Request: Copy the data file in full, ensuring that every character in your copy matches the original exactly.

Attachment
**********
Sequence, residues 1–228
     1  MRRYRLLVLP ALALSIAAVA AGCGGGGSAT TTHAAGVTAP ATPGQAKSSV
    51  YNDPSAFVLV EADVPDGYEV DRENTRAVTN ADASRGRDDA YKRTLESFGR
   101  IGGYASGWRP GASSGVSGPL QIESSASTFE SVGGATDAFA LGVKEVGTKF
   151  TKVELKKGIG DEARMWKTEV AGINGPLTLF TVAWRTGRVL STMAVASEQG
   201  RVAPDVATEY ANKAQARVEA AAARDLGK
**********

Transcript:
Sequence, residues 1–228
     1  MRRYRLLVLP ALALSIAAVA AGCGGGGSAT TTHAAGVTAP ATPGQAKSSV
    51  YNDPSAFVLV EADVPDGYEV DRENTRAVTN ADASRGRDDA YKRTLESFGR
   101  IGGYASGWRP GASSGVSGPL QIESSASTFE SVGGATDAFA LGVKEVGTKF
   151  TKVELKKGIG DEARMWKTEV AGINGPLTLF TVAWRTGRVL STMAVASEQG
   201  RVAPDVATEY ANKAQARVEA AAARDLGK